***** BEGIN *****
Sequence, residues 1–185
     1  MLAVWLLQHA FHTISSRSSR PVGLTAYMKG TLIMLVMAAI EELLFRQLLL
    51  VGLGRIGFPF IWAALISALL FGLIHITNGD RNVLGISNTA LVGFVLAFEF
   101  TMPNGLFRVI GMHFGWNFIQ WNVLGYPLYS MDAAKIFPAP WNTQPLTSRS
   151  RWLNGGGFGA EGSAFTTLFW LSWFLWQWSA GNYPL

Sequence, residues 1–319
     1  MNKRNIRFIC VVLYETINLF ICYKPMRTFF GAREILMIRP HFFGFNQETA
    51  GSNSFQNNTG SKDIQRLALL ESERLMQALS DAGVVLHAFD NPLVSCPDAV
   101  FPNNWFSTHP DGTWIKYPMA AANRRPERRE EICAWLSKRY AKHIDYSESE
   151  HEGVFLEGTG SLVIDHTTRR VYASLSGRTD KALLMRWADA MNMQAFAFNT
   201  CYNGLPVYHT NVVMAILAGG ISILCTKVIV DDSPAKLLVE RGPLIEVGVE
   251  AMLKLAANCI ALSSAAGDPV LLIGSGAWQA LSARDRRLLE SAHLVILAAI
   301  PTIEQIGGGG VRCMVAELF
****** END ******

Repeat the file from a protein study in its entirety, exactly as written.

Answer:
Sequence, residues 1–185
     1  MLAVWLLQHA FHTISSRSSR PVGLTAYMKG TLIMLVMAAI EELLFRQLLL
    51  VGLGRIGFPF IWAALISALL FGLIHITNGD RNVLGISNTA LVGFVLAFEF
   101  TMPNGLFRVI GMHFGWNFIQ WNVLGYPLYS MDAAKIFPAP WNTQPLTSRS
   151  RWLNGGGFGA EGSAFTTLFW LSWFLWQWSA GNYPL

Sequence, residues 1–319
     1  MNKRNIRFIC VVLYETINLF ICYKPMRTFF GAREILMIRP HFFGFNQETA
    51  GSNSFQNNTG SKDIQRLALL ESERLMQALS DAGVVLHAFD NPLVSCPDAV
   101  FPNNWFSTHP DGTWIKYPMA AANRRPERRE EICAWLSKRY AKHIDYSESE
   151  HEGVFLEGTG SLVIDHTTRR VYASLSGRTD KALLMRWADA MNMQAFAFNT
   201  CYNGLPVYHT NVVMAILAGG ISILCTKVIV DDSPAKLLVE RGPLIEVGVE
   251  AMLKLAANCI ALSSAAGDPV LLIGSGAWQA LSARDRRLLE SAHLVILAAI
   301  PTIEQIGGGG VRCMVAELF